Leiberman came out two weeks ago with his old non-PC talk that we rarely see these days, about how the protesters should stop whining and for them to realize how good the country is now especially compared to the other European and American economies. Sales of large screen plasma/LCD/LED screens are up this year, record amount of Israelis are flying overseas, car sales are up, unemployment is a record lows, everyone is buying 3000NIS smartphones, and baruch Hashem, the malls are packed all year round. People are whining about ‘not making a living’ like my sister-in-law who is in debt 30 000NIS but still goes away for an annual week-long hotel stay because she gets 50% off. Social justice starts at a personal level, or not. This is the attitude of many people.

    There was a real hope of social justice. We had just started the cottage boycott which was also moving to diapers and more, but along came, very conveniently, the social justice movement. The mass tabloid media had been very uncomfortable supporting the price protest (against their own advertisers) that Globes had started, and along came the perfect diversion AND a way to bash the Likud government and Netanyahu. We have since forgotten about reducing prices on everyday goods.

    What the leftist leaders did is actually waste the idea of protests for a general idea that no one can deliver in the short term. The leaders (and the New Israel Fund) thought they could get around democratic elections by demanding the government fall is now realizing by many hushed surveys that the Likud was not hurt at all by the protests. They failed and when they don’t get their demands, and the summer is coming to a close, people will lose more faith in this tool and go back to their LEDs and complacency.

    As for people who want to leave, (like the guy in the office next to me) their choice, not my problem. Let them go fight for jobs overseas.

    • Well, maybe you work with an undesirable next-office neighbor, but the point remains that many – not a majority, but enough that some prime talent is lost – of the brightest, best-educated, most capable Israelis end up leaving because life is challenging from a fiscal standpoint. I heard recently that Israel loses about 26% of its academics to foreign universities. This figure contrasts poorly with the 2% the UK loses every year. These are people who are not only highly trained, but whose education has been subsidized by the state. Now they’re going to use that knowledge and capability in some foreign university even as Israel cuts its university and education budgets further. It’s ridiculous. Israel loses a ton of programmers, scientists, engineers and other highly trained individuals to the US, UK, Australia and some EU countries. These are the people you want to keep, these are the people who make a society exceptional. These are the people who help propel an economy.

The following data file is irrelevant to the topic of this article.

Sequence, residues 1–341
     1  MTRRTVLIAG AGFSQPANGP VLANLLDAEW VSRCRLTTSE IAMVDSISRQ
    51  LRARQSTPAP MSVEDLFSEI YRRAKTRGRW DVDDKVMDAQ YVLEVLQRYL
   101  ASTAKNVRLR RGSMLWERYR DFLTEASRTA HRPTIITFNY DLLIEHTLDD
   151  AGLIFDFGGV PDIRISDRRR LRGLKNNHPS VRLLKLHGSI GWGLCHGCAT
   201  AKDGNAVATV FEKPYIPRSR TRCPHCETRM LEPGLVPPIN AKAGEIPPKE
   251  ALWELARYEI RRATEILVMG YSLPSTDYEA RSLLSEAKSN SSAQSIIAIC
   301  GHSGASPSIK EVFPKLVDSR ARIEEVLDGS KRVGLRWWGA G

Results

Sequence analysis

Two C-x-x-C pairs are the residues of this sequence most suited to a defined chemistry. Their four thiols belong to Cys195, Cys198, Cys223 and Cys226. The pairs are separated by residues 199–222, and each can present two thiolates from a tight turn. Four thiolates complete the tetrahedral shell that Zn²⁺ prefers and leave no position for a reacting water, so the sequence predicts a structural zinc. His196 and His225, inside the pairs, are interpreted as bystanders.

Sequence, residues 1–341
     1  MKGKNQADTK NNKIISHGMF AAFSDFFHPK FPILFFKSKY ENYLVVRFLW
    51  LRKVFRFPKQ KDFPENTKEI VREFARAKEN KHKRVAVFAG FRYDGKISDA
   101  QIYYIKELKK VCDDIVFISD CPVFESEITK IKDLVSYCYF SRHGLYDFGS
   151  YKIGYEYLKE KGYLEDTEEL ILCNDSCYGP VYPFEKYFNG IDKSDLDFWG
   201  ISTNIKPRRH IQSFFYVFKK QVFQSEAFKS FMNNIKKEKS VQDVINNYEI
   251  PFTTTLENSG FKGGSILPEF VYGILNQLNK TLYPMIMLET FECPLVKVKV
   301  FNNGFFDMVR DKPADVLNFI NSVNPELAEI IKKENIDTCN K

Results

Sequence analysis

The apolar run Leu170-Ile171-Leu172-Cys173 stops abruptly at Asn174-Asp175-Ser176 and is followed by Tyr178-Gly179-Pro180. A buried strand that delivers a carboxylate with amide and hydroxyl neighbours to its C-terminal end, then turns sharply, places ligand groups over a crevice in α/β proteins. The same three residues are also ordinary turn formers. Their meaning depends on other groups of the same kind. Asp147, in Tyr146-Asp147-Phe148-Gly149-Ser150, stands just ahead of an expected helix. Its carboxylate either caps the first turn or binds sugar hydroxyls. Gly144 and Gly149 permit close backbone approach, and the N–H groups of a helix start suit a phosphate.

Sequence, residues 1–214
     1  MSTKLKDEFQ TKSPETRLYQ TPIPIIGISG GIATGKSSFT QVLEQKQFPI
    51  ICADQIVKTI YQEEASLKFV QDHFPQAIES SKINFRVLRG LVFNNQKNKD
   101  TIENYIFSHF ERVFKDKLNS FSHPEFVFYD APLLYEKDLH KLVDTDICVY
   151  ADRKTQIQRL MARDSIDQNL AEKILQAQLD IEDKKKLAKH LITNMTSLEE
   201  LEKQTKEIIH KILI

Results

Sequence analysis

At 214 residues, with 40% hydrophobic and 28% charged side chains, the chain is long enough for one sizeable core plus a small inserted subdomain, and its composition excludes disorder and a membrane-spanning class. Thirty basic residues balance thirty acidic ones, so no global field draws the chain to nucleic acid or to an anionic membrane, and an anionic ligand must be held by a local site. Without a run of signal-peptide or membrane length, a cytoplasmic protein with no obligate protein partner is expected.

My comment is not related to this tent movement. They’ve made some mistakes and they’ve been right about certain things. Were they hijacked? Possibly. The fact they can’t affect the Likud is the key problem here. Nobody can. The electoral system in Israel prevents MKs from being held personally responsible for their political actions. This is one of the key reasons you have so many failures on the federal level in Israel. There are few consequences for mistakes other than losing a war or a significant battle against the Arabs (and even then you may not get punished by the voters).

      The point remains that high taxes, a regressive VAT, family and conglomerate monopolies continue to maintain ridiculously high prices.

      I won’t debate the fact that some Israelis live at a high standard and that others use debt as a cushion to support a lifestyle they can’t afford, but these are exceptions to the rule, not the rule. Another way of looking at some of the people who live beyond their means is that their means are so woefully inadequate to maintain a reasonable standard of living that they have to find other ways, such as debt, to support their needs. Let’s face it, buying meat for Friday night dinner and shabbat chulent at NIS80-115/kilo is a serious hit for a person earning NIS2500/week before taxes. Considering that person also has to fill up a gas tank at NIS320, assuming he can afford the small car (used at NIS75,000) for NIS150,000 and has to pay NIS300 for an oil/filter change, how do you expect him not to get into debt to manage finances?

      Also, re tzedakah, where the heck are they supposed to get that tithing money when staples are so expensive?